Despite his sympathies with Austin and Bell, Obama positioned himself as someone who could reconcile Harvard's bitter differences by bringing a tone of civility to the debate. He refused to denounce his critics and hurl polemics. In the words of Bradford Berenson, a conservative student who would later work in the second Bush administration, "Even though he was clearly a liberal, he didn't appear to the conservatives in the [Harvard Law] Review to be taking sides in the tribal warfare." Obama's position in the middle allowed him to build a winning coalition of liberals and conservatives in his bid to be elected president of the Review in February 1990. Later that year, in a dispute about the Review's affirmative action policy, Obama again attempted to reconcile the opposing camps. He defended the principle of affirmative action while suggesting that he respected the "depth" and "sincerity" of its opponents' beliefs. Racial preferences, he contended, would "enhance the representativeness" of the Review's staff, but not "at the price of any 'lower standard' of editorial excellence." Obama's intervention did not lead to anything more than a momentary cease-fire in Harvard's culture wars. The law school continued to be intensely polarized. Still, it was a defining moment in his racial education.

Obama's experience at Harvard tempered his sympathy for the race-conscious politics of the black freedom struggle. His emphasis on reconciliation over confrontation dovetailed with his ongoing search for an identity—a defining story, a way to make sense of American history and his place in it. That journey inevitably led him back in time to the Jim Crow South—a place whose indignities and struggles he had not experienced. Obama found himself drawn to "a series of images, romantic images, of a past I had never known." His search for authenticity and purpose led him to "the sit-ins, the marches, the jailhouse songs" of the Southern struggle for civil rights. There, on the streets of Birmingham, in the pews of Atlanta, in the jails of Mississippi, Obama found himself, his community and his calling. "This is my story," Obama excitedly told a friend in the late 1980s, after reading Taylor Branch's Parting the Waters: America in the King Years 1954–63, the Pulitzer Prize–winning first volume of his epic biography of Martin Luther King Jr.

As Obama moved onto the political stage, he distanced himself from the black politicians who had paved his way by offering a generational critique, reiterating the conventional wisdom that "black politics is still shaped by the '60s and black power." He aligned himself instead with the Southern freedom struggle, whose history, once divisive, had become domesticated, transformed into a narrative of national redemption. Obama launched his 2003 campaign for the Senate with a speech punctuated by the refrain: "What would Dr. Martin Luther King Jr. say?" Obama downplayed King's scathing critique of moderation, his call to an all-out battle against materialism and privilege and his demand for a "revolution of values." Instead, he portrayed King as the soft-spoken prophet of fairness, hope, opportunity and ill-defined change.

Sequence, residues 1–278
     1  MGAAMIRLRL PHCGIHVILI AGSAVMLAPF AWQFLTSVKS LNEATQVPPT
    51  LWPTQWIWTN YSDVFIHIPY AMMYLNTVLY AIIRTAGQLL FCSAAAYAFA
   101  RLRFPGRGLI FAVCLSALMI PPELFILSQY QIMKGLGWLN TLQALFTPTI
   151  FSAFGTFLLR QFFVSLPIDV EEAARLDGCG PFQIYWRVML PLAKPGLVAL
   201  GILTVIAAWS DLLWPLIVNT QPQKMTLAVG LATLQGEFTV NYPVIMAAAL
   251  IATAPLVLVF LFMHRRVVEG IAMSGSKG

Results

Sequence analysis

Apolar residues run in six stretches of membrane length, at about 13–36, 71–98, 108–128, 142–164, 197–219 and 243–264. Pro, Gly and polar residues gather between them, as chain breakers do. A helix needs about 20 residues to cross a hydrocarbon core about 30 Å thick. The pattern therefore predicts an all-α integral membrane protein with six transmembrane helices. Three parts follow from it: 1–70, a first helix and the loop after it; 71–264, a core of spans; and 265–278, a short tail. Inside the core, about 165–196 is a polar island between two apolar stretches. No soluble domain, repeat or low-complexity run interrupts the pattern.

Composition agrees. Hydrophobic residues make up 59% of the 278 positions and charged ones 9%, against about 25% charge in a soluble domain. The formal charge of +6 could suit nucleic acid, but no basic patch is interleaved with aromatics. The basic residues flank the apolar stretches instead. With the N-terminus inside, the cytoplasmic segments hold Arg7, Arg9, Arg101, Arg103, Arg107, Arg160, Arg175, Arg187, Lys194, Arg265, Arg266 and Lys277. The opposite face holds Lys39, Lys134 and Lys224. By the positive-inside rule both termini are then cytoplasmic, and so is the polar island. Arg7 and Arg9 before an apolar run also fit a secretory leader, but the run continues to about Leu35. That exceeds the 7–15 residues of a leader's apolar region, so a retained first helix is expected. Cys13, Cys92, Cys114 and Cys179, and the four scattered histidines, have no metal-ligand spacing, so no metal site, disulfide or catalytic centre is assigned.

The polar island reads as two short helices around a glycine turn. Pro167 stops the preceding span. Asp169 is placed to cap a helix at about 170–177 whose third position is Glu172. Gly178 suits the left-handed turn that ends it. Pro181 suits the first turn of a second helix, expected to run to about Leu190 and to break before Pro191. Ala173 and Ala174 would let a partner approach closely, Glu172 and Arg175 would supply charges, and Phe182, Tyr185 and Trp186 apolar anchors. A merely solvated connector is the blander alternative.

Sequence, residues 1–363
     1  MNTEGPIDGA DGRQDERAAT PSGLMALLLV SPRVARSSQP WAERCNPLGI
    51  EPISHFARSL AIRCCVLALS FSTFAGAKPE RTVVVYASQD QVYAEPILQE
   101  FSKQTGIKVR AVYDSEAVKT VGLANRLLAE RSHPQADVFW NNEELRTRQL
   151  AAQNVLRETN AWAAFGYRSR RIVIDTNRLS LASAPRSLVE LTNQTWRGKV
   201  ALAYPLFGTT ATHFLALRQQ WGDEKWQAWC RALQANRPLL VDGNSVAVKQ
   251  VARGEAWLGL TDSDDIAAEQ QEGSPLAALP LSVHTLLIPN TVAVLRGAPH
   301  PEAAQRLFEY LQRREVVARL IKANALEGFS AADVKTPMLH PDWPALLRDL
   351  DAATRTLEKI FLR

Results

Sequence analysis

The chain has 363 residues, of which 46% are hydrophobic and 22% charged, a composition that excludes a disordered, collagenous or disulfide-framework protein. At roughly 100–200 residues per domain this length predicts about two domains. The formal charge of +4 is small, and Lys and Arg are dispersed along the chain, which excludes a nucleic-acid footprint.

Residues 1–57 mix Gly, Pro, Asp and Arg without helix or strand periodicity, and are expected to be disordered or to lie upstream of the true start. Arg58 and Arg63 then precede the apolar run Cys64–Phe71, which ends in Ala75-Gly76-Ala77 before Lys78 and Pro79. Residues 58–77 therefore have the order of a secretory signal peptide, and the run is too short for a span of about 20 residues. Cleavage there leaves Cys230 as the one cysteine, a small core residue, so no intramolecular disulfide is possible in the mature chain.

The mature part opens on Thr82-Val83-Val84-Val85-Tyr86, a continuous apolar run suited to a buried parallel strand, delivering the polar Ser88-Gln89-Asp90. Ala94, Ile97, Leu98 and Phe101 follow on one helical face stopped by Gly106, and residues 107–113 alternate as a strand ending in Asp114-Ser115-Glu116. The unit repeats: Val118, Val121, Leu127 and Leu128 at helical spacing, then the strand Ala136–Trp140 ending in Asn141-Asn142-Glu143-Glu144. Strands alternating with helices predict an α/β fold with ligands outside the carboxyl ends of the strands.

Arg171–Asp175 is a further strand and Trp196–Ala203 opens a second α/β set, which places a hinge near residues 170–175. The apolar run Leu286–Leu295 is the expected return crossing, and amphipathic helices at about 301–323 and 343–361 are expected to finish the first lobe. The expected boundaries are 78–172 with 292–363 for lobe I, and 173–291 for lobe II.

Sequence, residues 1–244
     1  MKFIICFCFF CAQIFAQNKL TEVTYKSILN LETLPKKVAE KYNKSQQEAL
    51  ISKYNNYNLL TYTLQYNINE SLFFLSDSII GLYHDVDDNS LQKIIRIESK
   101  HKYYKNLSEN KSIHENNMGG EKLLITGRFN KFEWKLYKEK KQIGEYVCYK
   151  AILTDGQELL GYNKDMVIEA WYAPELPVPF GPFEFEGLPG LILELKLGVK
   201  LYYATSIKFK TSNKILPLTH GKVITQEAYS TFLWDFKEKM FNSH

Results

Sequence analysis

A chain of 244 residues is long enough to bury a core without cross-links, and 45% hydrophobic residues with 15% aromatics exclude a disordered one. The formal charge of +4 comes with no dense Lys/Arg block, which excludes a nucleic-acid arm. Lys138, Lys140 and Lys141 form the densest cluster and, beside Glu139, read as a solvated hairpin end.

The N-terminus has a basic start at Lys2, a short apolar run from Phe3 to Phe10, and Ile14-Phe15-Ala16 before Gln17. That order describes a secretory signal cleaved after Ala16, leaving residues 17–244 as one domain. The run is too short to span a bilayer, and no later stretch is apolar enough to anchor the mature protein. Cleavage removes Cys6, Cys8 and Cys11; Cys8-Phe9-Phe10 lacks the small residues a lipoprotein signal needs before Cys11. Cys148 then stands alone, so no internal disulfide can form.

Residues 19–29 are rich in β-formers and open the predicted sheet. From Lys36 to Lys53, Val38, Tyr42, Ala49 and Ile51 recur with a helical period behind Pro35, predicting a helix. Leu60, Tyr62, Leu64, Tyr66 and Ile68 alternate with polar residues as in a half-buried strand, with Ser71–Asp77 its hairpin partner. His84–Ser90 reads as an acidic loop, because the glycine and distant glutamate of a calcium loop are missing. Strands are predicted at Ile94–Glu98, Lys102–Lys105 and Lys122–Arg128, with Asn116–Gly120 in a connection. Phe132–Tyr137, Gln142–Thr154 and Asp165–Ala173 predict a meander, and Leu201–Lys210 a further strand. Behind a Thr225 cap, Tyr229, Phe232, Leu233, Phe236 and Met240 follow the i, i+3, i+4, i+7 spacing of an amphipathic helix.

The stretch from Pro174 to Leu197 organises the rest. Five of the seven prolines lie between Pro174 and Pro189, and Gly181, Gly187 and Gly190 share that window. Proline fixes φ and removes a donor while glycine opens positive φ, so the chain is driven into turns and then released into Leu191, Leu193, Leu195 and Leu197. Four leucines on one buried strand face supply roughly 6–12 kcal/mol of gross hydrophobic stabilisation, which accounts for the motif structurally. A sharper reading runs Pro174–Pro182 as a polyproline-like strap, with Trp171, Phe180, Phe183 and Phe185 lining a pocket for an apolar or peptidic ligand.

Obama read widely in civil rights history, taught antidiscrimination law at the University of Chicago Law School and steeped himself in the historical and scholarly literature on race, poverty and inequality. But none of that history was particularly useful for an ambitious politician. Situating himself in a current of civil rights history that emphasized its radical strains would be political suicide. But there was something deeper than simple political instrumentality at work. During his journey through the polarized racial world of late-twentieth-century America, Obama discovered his calling. It was to overcome the acrimonious history of racial polarization, whether it be black power or the culture wars—to act on the understanding that such polarization was anathema to national unity.

For Obama, as for all political leaders, history provides a scaffolding for politics: it is full of inspiration, examples, lessons and analogies. The past can be used—and reinterpreted—for purposes of image creation, political mobilization, coalition building and policy-making. Political actors create a useful past, sifting from it what resonates with their constituents, opinion leaders and the general public, whitewashing those elements that are jarring and unsettling or inconvenient. And Obama did that with King. The history of the civil rights struggle—told through Moses and Joshua and King—was a historical theology, a civic religion, a fundamentally Christian story of suffering, martyrdom and redemption. King had cleansed America from its original sin of slavery, and Obama was his heir. By the time Obama was inaugurated president, he had recast himself as an agent of national unification, one who could finally bring to fruition the few lingering, unmet promises of the civil rights movement. What Obama called "my story" became "our story."